Thursday, August 03, 2006

 

A new arms race: 'Evolutionism' is now an ideological weapon, but Darwin's own formulation was far more sophisticated

Although given in Rome, Cardinal Paul Poupard's speech in November about the distinction between evolution and evolutionism echoed throughout the world. Poupard, following the line of Pope John Paul II, acknowledged that evolutionary theory was no longer a mere hypothesis. Poupard's concern was to recognize the importance of the theory of natural selection in understanding life without acknowledging the theory's transformation into an ideological weapon.

The distinction between evolution and evolutionism is of extreme relevance. Michael Ruse's recent The Evolution-Creation Struggle sharply distinguishes between the fact of evolution by natural selection, including the theoretical explanations for this fact, and evolutionism as a naturalistic worldview with the characteristics of a secular religion. To recognize the important distinction between these points, it is necessary to understand how evolutionary theory developed. Evolution doesn't necessarily imply a mechanistic metaphysics, and the integration of legitimate, proven science into religion will break down the barriers between science and religion...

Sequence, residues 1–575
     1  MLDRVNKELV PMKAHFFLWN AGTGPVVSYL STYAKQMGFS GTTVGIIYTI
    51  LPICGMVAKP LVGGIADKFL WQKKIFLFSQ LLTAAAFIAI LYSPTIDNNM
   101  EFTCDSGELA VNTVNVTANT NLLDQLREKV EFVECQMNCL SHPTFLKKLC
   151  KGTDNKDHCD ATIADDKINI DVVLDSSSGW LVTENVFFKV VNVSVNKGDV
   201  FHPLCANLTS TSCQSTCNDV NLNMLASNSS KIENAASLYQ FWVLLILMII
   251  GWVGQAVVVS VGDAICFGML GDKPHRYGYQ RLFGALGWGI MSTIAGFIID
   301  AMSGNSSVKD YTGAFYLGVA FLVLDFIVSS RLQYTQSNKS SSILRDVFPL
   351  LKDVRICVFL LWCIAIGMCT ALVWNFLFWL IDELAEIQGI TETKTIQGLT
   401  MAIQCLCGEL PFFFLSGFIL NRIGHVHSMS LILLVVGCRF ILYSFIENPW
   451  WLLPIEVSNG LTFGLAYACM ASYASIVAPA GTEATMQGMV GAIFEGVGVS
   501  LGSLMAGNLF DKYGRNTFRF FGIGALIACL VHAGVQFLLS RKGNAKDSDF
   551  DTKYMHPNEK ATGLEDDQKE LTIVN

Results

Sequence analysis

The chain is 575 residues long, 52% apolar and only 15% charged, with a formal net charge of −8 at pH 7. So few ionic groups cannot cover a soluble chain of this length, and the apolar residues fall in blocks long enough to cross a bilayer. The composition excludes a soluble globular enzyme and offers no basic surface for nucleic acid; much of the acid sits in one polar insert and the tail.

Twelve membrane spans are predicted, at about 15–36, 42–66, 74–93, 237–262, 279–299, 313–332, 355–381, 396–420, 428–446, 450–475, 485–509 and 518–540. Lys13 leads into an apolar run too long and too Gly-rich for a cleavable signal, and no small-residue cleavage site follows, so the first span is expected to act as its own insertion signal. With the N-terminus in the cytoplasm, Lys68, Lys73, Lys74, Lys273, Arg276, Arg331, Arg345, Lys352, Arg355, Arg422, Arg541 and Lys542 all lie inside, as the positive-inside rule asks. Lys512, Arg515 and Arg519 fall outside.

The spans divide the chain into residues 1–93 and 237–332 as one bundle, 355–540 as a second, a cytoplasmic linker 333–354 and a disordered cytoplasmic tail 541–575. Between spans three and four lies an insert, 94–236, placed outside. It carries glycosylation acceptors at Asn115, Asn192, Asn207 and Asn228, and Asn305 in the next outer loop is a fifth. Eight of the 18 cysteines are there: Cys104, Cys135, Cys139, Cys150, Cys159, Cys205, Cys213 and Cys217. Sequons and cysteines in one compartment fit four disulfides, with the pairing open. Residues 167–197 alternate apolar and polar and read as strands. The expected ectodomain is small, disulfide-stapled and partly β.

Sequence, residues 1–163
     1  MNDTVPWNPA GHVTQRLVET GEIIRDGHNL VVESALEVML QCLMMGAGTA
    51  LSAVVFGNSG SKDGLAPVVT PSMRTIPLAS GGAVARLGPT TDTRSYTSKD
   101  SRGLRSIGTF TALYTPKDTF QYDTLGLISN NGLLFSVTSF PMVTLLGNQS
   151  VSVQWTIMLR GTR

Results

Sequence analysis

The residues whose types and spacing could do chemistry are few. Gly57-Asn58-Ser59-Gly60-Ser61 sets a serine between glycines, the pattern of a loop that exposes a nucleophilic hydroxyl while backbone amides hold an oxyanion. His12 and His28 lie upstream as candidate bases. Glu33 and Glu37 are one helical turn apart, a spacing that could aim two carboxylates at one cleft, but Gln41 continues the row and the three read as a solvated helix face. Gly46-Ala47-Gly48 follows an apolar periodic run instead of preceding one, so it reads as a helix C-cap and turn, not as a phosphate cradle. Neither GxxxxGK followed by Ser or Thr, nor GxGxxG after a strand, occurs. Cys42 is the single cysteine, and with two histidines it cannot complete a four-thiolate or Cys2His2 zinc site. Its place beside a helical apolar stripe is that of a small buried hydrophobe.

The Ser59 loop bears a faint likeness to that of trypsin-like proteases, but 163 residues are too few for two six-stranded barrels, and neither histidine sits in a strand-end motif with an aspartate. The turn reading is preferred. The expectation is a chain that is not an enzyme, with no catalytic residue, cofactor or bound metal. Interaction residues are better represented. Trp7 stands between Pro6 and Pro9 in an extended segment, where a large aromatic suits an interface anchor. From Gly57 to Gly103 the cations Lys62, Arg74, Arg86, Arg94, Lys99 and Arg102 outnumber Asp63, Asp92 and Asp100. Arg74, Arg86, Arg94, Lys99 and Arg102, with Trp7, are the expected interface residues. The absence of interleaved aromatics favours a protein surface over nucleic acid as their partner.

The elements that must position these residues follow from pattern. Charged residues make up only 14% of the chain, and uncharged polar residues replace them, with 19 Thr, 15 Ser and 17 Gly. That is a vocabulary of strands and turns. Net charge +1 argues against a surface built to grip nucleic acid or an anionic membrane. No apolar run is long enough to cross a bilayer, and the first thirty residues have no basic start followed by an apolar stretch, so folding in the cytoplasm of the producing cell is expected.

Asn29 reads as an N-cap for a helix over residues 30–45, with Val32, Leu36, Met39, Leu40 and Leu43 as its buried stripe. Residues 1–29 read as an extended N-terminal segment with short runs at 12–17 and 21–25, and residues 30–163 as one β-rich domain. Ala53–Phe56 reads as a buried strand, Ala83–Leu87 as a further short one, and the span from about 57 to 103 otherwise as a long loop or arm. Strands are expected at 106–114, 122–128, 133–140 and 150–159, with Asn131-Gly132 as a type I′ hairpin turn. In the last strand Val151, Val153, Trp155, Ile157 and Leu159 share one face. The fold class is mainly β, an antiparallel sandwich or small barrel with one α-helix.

...Significantly, "the Baldwin Effect" also encompasses feedback by living organisms on their environment. This feedback can be thought of as "niche construction," a concept that has raised a good deal of recent interest...

See an online edition of "A New Factor in Evolution," by James Mark Baldwin (published in 1896).

Cardinal Poupard is also author of "Galileo Galilei - Towards a Resolution of 350 Years of Debate'", quoted in "An Error In Associating Lamarck With 'Adaptive Mutations'?"

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